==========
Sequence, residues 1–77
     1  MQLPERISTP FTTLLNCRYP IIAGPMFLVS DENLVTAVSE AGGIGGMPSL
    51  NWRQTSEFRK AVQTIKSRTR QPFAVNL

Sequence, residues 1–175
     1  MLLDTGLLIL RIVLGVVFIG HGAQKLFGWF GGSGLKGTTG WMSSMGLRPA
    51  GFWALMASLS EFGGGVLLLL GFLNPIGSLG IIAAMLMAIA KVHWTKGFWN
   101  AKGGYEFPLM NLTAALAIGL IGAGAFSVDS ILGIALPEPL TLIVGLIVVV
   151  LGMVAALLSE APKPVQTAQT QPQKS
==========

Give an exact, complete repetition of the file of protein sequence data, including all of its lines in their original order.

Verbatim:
Sequence, residues 1–77
     1  MQLPERISTP FTTLLNCRYP IIAGPMFLVS DENLVTAVSE AGGIGGMPSL
    51  NWRQTSEFRK AVQTIKSRTR QPFAVNL

Sequence, residues 1–175
     1  MLLDTGLLIL RIVLGVVFIG HGAQKLFGWF GGSGLKGTTG WMSSMGLRPA
    51  GFWALMASLS EFGGGVLLLL GFLNPIGSLG IIAAMLMAIA KVHWTKGFWN
   101  AKGGYEFPLM NLTAALAIGL IGAGAFSVDS ILGIALPEPL TLIVGLIVVV
   151  LGMVAALLSE APKPVQTAQT QPQKS